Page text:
When Coral Trimmer was swept off her feet by Riet Hoagland in 1950’s NZ, she had no idea that her fearless lesbian lover was a Dutch WWII Hero who had been imprisoned by Nazis. Sandi Hall delves into their brave romance.

 “I was trembling so much and I didn’t know why and I asked her. She just gave me this look then took me home to my first night of lesbian lovemaking!”

Vestiges of that joy still shine in Coral Trimmer’s eyes as she describes how, in very homophobic 1950’s New Zealand, she became lovers with a Dutch war heroine.


“Of course, I didn’t know she was a war heroine,” continues Coral, a petite wiry figure wholly dressed in white. “Riet never talked about the war. But she did tell me that what she experienced made her want to leave Holland and Europe forever. To go somewhere at the ends of the earth away from all that.”

‘Riet’ was Riet Maria Hoagland, a Dutch writer and journalist who was seized by the Nazis and jailed in the prison in The Hague for putting anti-war leaflets in letterboxes. She was 21.

Their torture of her included denying her the right to change her clothes or wash for three months, even when she had her period, as well as telling her to prepare to be executed. 

That same prison in The Hague is the reason that an independent Dutch documentary crew are filming Coral Trimmer in Tiny Theatre at Garnet Station in Auckland’s Westmere. Tiny Theatre has invited about thirty lesbians and gay men to meet Coral and the crew to be part of the documentary. Happily, I am one of them.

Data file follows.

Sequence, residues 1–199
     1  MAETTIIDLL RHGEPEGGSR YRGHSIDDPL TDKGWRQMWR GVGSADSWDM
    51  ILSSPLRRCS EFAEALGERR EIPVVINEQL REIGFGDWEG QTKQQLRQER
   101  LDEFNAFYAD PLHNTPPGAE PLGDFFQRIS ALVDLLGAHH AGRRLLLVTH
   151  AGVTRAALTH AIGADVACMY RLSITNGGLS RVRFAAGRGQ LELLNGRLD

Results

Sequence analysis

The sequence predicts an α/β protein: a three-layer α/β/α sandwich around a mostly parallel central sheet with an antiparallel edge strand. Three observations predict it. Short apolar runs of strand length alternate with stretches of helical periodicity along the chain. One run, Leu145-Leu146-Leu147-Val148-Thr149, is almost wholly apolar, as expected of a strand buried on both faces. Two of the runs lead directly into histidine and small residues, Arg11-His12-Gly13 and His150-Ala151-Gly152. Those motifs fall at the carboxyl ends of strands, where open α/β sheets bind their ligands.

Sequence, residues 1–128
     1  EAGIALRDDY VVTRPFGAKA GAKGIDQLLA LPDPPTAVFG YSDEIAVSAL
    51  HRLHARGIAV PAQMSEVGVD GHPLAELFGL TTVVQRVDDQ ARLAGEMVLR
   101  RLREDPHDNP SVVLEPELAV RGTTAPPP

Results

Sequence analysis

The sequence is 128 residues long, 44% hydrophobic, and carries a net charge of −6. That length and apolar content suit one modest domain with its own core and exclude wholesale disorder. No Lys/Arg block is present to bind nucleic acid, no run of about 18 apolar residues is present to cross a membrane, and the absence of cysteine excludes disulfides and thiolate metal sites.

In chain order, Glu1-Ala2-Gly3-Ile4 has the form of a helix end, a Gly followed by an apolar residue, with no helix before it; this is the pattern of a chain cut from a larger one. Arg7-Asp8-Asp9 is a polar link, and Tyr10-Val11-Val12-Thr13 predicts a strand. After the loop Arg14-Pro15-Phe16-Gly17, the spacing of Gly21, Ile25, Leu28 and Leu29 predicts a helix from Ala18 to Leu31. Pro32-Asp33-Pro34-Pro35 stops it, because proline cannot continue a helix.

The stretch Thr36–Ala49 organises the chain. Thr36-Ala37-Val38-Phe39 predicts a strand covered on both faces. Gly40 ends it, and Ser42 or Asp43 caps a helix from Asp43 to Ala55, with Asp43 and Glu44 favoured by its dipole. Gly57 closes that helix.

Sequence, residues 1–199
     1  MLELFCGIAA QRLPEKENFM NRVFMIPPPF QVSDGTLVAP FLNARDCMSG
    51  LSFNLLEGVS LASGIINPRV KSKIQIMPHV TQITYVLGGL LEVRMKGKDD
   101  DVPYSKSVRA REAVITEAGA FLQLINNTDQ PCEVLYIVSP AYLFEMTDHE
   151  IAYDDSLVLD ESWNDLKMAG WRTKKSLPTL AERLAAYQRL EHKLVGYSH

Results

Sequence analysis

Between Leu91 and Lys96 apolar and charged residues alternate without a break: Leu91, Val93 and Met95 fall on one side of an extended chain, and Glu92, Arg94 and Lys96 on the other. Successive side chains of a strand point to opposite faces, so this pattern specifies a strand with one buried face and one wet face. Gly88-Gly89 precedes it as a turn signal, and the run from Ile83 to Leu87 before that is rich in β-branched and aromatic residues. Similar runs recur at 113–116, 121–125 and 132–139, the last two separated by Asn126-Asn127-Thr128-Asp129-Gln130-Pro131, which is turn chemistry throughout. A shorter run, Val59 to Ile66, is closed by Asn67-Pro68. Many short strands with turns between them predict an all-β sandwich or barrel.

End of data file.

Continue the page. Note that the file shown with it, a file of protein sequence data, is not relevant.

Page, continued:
“The Dutch government has decided to turn the prison into a memorial to the people who suffered there,” says camera director Jan Pieter Tuiustra.

“At first, we were only interested in documenting the change but when we looked closer and asked about individual people, we came across Riet, who is something of a heroine in Holland. We thought what a good focus she would make for the doco. And then in her diaries and letters was all this about New Zealand and a New Zealand woman, Coral Trimmer.

“So we googled her name, which led us to the acclaimed Kiwi dancer, Sir Jon Trimmer. He gave us a big surprise when he told us Coral was his sister and still very much alive.”

As I speak with Coral, her arm arcs up, hand clutching a small red box. She finishes her sentence and excuses herself to go to the camera crew who are now on the stage. Camera over his shoulder, Jan Pieter focuses his lens on Coral as she takes a large chromatic harmonica from the red box and begins to blow.

Not only is her virtuosity undeniable on the ‘harp’, as Bob Dylan calls it, it is also undeniable in the way her body moves to the music she draws out of the shining instrument. She moves with the sinuosity one expects in a much younger woman, her 89-year old body, loving being alive under her clothes.

I ask Coral what it was like being lesbian in Heavenly Creatures New Zealand.  “It was scary,” says Coral, who was born in Petone on Wellington’s southern coast.

“You daren’t talk about it. Everyone said it was evil, very wrong. I did date boys, and I liked being with them – until I got home, when they expected a kiss. I didn’t like that part which I later realized is because I am a happy butch lesbian!”

“When I met Riet, she was working in the [Wellington] library garden.  She was always laughing. She had short blonde hair and grey eyes and she seemed to be so strong to me. She was not afraid to be out.  One kiss I never forgot was when she deliberately stood me under a streetlamp and kissed me in its glow.”  

Before coming to Aotearoa, Riet Hoagland had been part of the gay scene in Paris, bringing European sophistication to her New Zealand life.  And a lack of fear, the result of having been in that Nazi prison in WW2.

Now living in Melbourne, Coral, encouraged by her brother, will move back home this September, setting her sights on the Kapiti Coast. I just hope she’ll be blowing that harmonica again where I can hear it.